I don’t know about all of you, but I’ve had a great week. I’ve spent most of it working out of Whakatane’s new Lightning Hub - thanks to the directors for the free hot desk offer - and the thriving atmosphere here has really fired up my creativity. It’s hardly surprising I struggled to get to sleep last night, my brain too busy thinking of topics for the blog I had to write today. I finally drifted off, only to wake up at 3am with bright ideas I just had to jot down.
And so my day began.
Like any other day, I dropped the kids off at school and squeezed in a gym workout – one of the perks of self-employment is the flexibility – before chaining myself to the desk. Today is a writing day: there is three blog posts to churn out, a social media strategy to finish and some general comms planning to do for a new client. Also on the agenda is a critique of a colleague’s work of fiction and some creative writing of my own.
Life is far from dull. It may seem that way after reading the above, but that’s far from a typical day. Because in the world of communications there is no typical day. It’s not unheard of for my work day to include hand-feeding lions, skydiving, co-ordinating crisis communications in a Civil Defence emergency and a spot of acting for a Brazilian TV show.
That, in a nutshell, is the best thing about self-employment. I never know quite what the day will bring, and that’s exciting. The work is flexible and fun, and as for the crazy hours, well, sometimes you’ve just got to roll with it when the ideas are flowing.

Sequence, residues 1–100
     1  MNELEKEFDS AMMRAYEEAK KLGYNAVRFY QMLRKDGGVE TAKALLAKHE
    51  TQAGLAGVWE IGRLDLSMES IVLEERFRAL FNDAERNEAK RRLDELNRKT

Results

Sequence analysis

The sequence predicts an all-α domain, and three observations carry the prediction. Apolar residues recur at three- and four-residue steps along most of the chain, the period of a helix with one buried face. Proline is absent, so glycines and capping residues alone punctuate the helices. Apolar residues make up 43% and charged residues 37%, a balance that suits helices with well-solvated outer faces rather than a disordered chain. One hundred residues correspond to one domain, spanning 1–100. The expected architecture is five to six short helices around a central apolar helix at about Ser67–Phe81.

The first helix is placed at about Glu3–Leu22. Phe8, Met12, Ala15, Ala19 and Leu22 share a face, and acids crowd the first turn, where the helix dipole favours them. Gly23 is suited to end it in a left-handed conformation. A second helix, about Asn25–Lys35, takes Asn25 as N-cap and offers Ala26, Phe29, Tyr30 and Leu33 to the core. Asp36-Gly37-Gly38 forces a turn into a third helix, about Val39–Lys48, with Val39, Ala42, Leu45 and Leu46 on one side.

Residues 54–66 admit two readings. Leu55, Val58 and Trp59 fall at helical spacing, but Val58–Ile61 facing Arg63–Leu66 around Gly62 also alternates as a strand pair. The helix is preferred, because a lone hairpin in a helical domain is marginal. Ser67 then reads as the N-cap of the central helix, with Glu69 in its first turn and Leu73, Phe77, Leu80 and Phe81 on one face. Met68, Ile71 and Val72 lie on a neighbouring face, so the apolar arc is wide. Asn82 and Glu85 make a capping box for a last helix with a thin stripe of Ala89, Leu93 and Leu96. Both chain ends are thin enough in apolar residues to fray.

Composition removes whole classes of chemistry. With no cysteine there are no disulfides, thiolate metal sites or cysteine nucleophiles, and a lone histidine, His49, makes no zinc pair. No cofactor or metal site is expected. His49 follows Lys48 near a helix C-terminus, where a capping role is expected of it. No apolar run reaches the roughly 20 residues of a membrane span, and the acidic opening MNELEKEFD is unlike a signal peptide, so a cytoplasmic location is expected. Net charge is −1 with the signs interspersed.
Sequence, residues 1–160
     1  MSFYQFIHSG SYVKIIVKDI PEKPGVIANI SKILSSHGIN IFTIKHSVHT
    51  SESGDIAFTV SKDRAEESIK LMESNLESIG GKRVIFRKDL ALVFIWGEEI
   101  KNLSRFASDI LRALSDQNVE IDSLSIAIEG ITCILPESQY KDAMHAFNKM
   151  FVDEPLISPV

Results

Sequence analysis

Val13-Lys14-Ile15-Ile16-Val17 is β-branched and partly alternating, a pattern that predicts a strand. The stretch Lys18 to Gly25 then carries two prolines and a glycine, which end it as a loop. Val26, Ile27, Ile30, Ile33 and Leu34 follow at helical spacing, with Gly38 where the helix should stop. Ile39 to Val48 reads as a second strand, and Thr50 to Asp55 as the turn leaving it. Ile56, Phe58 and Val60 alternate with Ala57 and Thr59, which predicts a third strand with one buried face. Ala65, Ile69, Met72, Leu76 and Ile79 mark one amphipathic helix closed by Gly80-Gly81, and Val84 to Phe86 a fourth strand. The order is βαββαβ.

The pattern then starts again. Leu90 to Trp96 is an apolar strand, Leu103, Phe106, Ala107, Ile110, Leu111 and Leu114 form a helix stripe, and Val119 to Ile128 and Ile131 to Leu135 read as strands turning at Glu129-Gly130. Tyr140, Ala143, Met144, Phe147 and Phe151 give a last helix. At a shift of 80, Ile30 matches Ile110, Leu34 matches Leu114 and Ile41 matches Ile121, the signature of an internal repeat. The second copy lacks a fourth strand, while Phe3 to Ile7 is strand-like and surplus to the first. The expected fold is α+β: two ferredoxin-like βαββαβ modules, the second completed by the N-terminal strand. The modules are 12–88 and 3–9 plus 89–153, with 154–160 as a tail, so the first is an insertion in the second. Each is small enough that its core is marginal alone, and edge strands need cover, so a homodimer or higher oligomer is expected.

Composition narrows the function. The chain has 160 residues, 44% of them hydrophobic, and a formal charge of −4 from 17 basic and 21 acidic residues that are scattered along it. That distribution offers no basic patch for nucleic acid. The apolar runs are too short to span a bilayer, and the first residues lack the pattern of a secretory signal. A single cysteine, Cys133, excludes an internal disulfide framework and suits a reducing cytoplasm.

Being self-employed is also hard work, though: if I’m not working I’m not earning, and that can be stressful. I work mostly from home and too much isolation can stifle creativity. Sometimes I need someone to bounce ideas off, lend fresh eyes to my work and distract me with inane comments about the weather when I need a break.
That’s why the Lightning Hub is such a cool place to be. There are plenty of people to chat to and lots of regular networking events, and we all know how important networking is when you’re trying to get a business up and running. Similar spaces are popping up all over New Zealand and I encourage anyone launching their own business to check one of them out. You won’t regret it.
Having come from a stimulating job in a big organisation, I wondered how I’d cope with working from home in comparative isolation. Thanks to the new trend for co-working spaces, I don’t have to.
Justine McLeary has worked in the media industry for more than 20 years, as a journalist and communications consultant. Her experience includes issues management, writing and content development, crisis communications, newsletter design and editing and social media management. She launched a Whakatane-based writing, editing and communications agency earlier this year. McLeary Media offers a range of editorial services for clients in the public and private sectors. www.mclearymedia.co.nz